Since the mid-1990s, coral on the Great Barrier Reef has declined by more than 50 percent, and it goes to almost every species, to every depth, and to every size, according to a new study.
The research covered the entire 2,300 kilometers of the Great Barrier Reef and found a disturbing loss at almost every level.
“A living coral population has millions of tiny, baby corals, as well as many large ones – the big mamas that make up most of the worms,” explains Andy Dietzel of the ARC Center of Excellence for Coral Reef Studies.
“Our results show that the Great Barrier Reef’s ability to recover – its stability – has been compromised compared to the past, because there are fewer babies, and fewer older adults breeding.”;
Like the old forests, these large corals are the most valued by marine scientists.
The loss of older corals like this can have a cascading effect on the entire reef system, as the largest colony in a population is disproportionately affecting the reproduction and genes of the next generation while also providing larger habitat and food for fish and other reef life.
“The global decline of large, mature trees, for example, indicates the loss of critical habitat, food, and carbon storage,” the authors write. But while the size of the forests on the ground has been carefully monitored in recent years, trends in coral size are rarely examined; traditionally about scope.
To fill this gap, researchers recorded a systematic decline in coral abundance on the Great Barrier Reef across size, habitat, sector, and taxa from 1995 to 2017. During that time, the reef experienced many locals. storm, four mass whitening events, and two major thorn-crown starfish outbreaks (not to mention another severe bleaching event that occurred this year).
The study of the vast expanse of the Great Barrier Reef was clearly a challenge, and to estimate the size of the colonies, the researchers used the length of the line to block as a proxy.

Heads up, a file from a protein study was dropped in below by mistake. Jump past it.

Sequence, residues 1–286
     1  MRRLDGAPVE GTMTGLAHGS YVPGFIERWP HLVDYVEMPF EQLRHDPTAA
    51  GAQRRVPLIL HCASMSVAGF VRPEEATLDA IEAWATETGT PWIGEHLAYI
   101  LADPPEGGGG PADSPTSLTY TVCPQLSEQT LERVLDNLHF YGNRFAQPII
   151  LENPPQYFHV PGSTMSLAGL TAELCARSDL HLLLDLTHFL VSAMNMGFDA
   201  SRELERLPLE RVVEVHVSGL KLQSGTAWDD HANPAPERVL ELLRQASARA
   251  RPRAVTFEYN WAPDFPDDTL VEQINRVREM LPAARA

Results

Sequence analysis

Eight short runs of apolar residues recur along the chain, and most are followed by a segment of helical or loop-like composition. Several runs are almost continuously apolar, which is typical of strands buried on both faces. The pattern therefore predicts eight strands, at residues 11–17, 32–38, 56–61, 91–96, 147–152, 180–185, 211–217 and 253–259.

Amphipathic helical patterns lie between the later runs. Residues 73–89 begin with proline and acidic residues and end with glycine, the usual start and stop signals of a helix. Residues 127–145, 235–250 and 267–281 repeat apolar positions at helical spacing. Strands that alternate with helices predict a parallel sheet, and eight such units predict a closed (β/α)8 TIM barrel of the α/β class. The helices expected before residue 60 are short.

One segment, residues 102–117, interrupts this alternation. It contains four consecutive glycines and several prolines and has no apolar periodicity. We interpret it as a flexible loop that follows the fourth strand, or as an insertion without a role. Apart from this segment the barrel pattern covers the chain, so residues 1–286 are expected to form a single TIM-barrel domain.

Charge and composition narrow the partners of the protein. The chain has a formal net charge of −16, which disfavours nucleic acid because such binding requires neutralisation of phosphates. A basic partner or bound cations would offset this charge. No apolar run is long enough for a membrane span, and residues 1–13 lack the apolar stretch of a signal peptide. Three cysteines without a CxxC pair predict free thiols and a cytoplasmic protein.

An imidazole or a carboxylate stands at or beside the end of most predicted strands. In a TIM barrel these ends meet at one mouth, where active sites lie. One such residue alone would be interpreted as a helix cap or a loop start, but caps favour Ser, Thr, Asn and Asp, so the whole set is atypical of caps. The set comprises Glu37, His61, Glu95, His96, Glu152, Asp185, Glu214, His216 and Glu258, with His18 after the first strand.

This means that a line is placed on the coral reef to measure the excess length of the various organisms below.
Although not a direct measure of coral size, line-intercept length may indicate changes in the underlying colony size, and since it has been used for a long time, the authors say it is “a no. convertible source of historical demographic data “on corals.
The authors found that an abundance of coral was strongly opposed to all colony sizes and all coral taxa. These changes are most pronounced in the Northern and Central regions of the Great Barrier Reef, where most recent coral mass bleaching has taken place.
“We used to think the Great Barrier Reef was protected by its excessive size,” says marine biologist Terry Hughes, “but our results show that even the world’s largest and relatively well-established reef system is increasingly compromised and going down. “
The loss of medium and large colonies is particularly troubling, as they can inhibit reproduction and prevent older corals from replenishing declining populations. At the same time, disproportionate loss in smaller colonies indicates a reduction in the propagation of small coral larvae.
“The potential for recovery of older fecund corals is uncertain given the increasing frequency and intensity of turbulent events,” the authors of the current study write.
“The systematic decline of smaller colonies in regions, habitats, and taxa indicates that a decline in recruitment has further eroded the potential recovery and stability of coral populations.”
And the window for recovery will close quickly. If we do not cut our emissions by the end of the century, studies show destructive bleaching events such as those that occurred in 2016 and 2017 that could occur on an annual basis.
“I think we can control the heating somewhere between 1.5-2 ° C [above pre-industrial levels], according to the Paris agreement, then we will still have a reef, “Hughes told The Guardian.
“But if we get to 3-4 ° C due to uncontrolled emissions, then we have no recognizable Great Barrier Reef. ”
The study is published in Royal Society Procedures B.